In some ways it is a bit difficult to actually pinpoint the role of Dickens in this study. By no means do I intend this as a pejorative comment; rather, I think it speaks to the thoroughness of the kind of cultural criticism taking place in Dickens and the Popular Radical Imagination. All roads ultimately lead to Dickens in this work; but they are interesting, less well-worn routes, and the scenery along the way is often surprising. So too is Ledger’s starting point. While she does indeed fix upon satire and parody as importantly informative for Dickens, she moves considerably forward from the usual late-eighteenth-century, Smollet-infused beginnings. Her first chapter, then, focuses on two of the Regency’s most important events for the radical culture of that period: the Peterloo Massacre and the Queen Caroline affair. In her reading of William Hone and George Cruikshank’s 1819 pamphlet, The Political House that Jack Built, a work that viciously lampoons the Prince Regent along with Sidmouth, Canning, Gifford and Wellington, Ledger neatly comments on both the use of the nursery rhyme form and the authors’ deployment of melodramatic tropes, while also pointing to the overall significance of this publication. For instance, The Political House established Cruikshank, only nineteen at the time, as an important fixture on the radical literary scene. It also reached an enormous number of people, selling over 100,000 copies within a few months, despite its expensive 1 shilling price, and quickly went to fifty-four editions. Indeed, the publication became a kind of standard of popular radical literature and was widely imitated. Cheap bowdlerized versions were made available by James Catnach, even further broadening the satire’s influence. Its send up of the Prince Regent helped to formulate a stereotype of the Regency dandy that we see later in the century in Bleak House’s old Turveydrop (whose son, coincidentally, is named “Prince”).
Also revealing are Ledger’s accounts of the various broadsides and pamphlets published around the Queen Caroline Affair in 1820, and William Cobbett’s involvement in fanning the flames of discontent surrounding that scandal. At stake, finally, in this analysis is her contention that rather than the radicalism of Peterloo being overwhelmed and supplanted by a “diversionary populist romantic and sentimental aesthetic generated by the Queen Caroline Affair” (38) (as some such as Thomas Laqueur have argued), Peterloo’s radical agenda combined with the populist impulse of the Queen Caroline literature. For Ledger, this set the stage for a popular radical aesthetic that persists well into the middle of the nineteenth century and is easily identifiable in the works of writers as varied as Dickens, Douglas Jerrold, and Chartist authors like Ernest Jones.
By beginning her narrative in such a way, Ledger does nothing to dim the brightness of Dickens in the mid-nineteenth-century literary firmament. But she also helps us to see that he has a place in a number of constellations, and she traces this particular one much more clearly than any of her predecessors. As a result, while there are excellent chapters on Dickens’ early journalistic work, on Oliver Twist, and on the Christmas Books, Ledger never loses sight either of the matrix of popular political opinion that contributes to Dickens’ work at any particular place in his early career, or of those with whom Dickens shares the literary tradition she is outlining. Consequently, her analysis of the 1840s writings of Douglas Jerrold and Ernest Jones—each of whom gets considerable attention in this work—is absolutely apropos of the argument she makes about cultural work of the popular radical imagination during that decade. Rather than painting Dickens as forever fettered by his bourgeois desires, bereft of a systematic social vision, and reluctant to take any real class risks, Ledger portrays him as part of the same aesthetic and political legacy as Jones and Jerrold, and ultimately much more radical—in the sense in which she uses the term—than he is typically depicted. This, to my mind, is part of the success of this book. Its very revisionism insists upon putting aside our received conceptions of who—and perhaps more importantly how—Dickens was as a shaper and participant in the popular radical imagination of the early and mid-Victorian period.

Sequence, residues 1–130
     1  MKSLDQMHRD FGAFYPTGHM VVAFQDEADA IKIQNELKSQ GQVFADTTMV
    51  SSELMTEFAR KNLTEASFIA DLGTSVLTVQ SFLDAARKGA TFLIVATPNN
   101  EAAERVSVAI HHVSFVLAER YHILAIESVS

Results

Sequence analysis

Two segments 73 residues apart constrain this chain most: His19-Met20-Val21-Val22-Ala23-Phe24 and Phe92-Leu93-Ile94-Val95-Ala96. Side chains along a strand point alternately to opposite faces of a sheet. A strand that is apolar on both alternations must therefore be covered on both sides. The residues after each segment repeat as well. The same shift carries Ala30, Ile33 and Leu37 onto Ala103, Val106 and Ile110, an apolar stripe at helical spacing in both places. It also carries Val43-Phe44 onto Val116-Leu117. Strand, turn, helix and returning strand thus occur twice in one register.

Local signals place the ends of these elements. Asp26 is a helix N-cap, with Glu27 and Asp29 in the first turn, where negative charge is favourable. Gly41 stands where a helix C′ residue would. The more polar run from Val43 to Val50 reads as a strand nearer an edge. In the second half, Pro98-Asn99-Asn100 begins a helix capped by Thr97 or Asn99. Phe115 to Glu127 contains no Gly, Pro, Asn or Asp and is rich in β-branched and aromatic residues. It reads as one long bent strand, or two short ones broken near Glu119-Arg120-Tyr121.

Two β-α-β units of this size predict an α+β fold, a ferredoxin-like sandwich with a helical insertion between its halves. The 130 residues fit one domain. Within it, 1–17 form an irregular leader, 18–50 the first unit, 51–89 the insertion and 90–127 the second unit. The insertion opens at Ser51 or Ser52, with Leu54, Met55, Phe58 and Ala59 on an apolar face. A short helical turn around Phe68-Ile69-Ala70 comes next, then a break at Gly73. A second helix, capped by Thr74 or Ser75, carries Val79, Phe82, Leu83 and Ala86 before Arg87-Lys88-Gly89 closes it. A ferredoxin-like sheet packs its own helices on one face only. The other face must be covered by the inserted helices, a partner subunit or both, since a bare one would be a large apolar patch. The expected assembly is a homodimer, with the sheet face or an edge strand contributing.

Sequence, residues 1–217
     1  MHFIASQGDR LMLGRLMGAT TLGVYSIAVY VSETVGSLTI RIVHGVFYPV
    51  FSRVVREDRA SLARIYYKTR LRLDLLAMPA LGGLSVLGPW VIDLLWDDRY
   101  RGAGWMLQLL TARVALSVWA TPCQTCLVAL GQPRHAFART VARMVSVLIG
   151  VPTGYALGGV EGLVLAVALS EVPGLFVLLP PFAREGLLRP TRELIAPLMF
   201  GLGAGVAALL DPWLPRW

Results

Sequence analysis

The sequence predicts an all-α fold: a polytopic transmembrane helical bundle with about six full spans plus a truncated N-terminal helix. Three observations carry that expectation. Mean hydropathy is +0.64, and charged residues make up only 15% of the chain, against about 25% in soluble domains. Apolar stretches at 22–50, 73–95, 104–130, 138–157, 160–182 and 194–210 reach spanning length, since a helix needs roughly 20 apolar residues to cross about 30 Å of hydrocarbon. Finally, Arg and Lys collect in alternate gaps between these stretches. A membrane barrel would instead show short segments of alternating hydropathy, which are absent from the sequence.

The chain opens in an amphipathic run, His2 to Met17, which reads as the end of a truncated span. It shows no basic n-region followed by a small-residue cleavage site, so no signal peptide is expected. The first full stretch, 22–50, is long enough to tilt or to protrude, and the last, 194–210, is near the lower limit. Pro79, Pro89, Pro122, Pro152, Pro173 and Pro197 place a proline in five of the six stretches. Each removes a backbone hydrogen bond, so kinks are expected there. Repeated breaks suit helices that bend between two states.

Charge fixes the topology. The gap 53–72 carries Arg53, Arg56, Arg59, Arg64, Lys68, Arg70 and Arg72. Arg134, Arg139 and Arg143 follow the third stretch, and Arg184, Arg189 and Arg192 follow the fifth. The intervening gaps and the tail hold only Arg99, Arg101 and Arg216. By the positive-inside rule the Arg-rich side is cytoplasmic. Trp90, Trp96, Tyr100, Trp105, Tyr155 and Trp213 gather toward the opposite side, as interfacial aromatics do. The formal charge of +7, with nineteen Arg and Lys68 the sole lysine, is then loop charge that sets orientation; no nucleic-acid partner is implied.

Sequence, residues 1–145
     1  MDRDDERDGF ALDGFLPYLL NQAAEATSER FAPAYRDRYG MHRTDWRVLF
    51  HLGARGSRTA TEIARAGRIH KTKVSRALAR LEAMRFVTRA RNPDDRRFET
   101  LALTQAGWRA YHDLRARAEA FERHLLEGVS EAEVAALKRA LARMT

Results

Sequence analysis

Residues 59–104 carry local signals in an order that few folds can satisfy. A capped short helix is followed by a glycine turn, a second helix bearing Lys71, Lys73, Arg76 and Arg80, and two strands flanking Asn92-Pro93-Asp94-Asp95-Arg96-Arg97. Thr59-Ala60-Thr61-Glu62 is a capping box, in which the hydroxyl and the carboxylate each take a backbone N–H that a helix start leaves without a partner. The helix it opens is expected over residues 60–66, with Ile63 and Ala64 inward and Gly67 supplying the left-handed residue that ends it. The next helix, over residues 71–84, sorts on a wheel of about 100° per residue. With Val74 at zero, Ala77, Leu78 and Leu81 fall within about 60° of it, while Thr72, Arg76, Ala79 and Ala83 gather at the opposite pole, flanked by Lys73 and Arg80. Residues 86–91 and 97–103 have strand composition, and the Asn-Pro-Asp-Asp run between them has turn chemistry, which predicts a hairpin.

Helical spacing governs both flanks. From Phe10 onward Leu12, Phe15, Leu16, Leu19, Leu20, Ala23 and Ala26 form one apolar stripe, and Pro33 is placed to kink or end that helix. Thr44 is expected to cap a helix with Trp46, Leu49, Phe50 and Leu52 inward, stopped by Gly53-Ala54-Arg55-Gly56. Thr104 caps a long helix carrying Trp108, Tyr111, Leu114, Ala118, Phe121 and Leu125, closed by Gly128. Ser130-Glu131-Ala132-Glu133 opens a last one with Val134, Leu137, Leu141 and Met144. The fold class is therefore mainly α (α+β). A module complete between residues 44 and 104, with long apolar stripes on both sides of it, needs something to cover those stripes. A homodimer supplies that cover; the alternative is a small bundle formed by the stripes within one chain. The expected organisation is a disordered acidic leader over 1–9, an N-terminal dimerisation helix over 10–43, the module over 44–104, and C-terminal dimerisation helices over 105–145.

It is because Ledger is willing to make this move that her readings of Bleak House and Little Dorrit are so refreshing. Her focus in her reading of the former on what she calls Dickens’s “dialogue with melodrama” and in the latter on the satire which is underscored by Dickens’s own despair over the possibility of political progress implicitly lays the groundwork for the darkness of Our Mutual Friend. For, as Ledger puts it, Little Dorrit heralds the “death of melodrama” for Dickens. She points out:
In a traditional melodrama the death of Rigaud would signify the restoration of moral order. In Little Dorrit, though, it is no longer able to perform such a function. Rigaud is an embodiment of pure evil and his villainy is clearly written on his body, a traditional melodramatic device in one of the most bodily of aesthetic modes. But the evil that Dickens saw all around him in the middle of the 1850s was not always so tangible nor so easily purged…230
Perhaps it is at this point that Dickens’ unease with the popular radical imagination begins to manifest itself most prominently, and perhaps this is why Ledger chooses to end her own book with a reading of Little Dorrit, a novel that did not enjoy a warm critical reception. Yet true to her argument, Ledger is not eager to reach that conclusion, proclaiming instead that “the discrepancy between the critical and the public reception of Little Dorrit would seem to suggest that the intelligentsia of the 1850s was somewhat out of step with the cultural interests and political concerns of ‘the People’ whom Dickens was addressing. It is utterly characteristic of the novelist himself that he was not” (232).
Thus does Sally Ledger end her book, and say good-bye to us. In frustration, I can do no better than to wish her peace and to thank her, too late, for her gifts to us all. And as I return to the world of “the noisy and the eager, and the arrogant and the froward and the vain,” who fret and chafe, and make “their usual uproar,” I will recall with fondness and pleasure the chance I had to get to know her a little bit better by reading this book.
Joseph W. Childers is Professor of English and Dean of the Graduate Division at the University of California, Riverside. Most recently he has co-edited Victorian Prism: Reflections of the Crystal Palace (Virginia UP, 2007) with James Buzard and Eileen Gillooly and Sublime Economy: On the Intersection of Art and Economics with Jack Amariglio and Stephen Cullenberg (Routledge 2008). He is currently completing a study of the representation of the presence of the imperialized other in England in Victorian literature.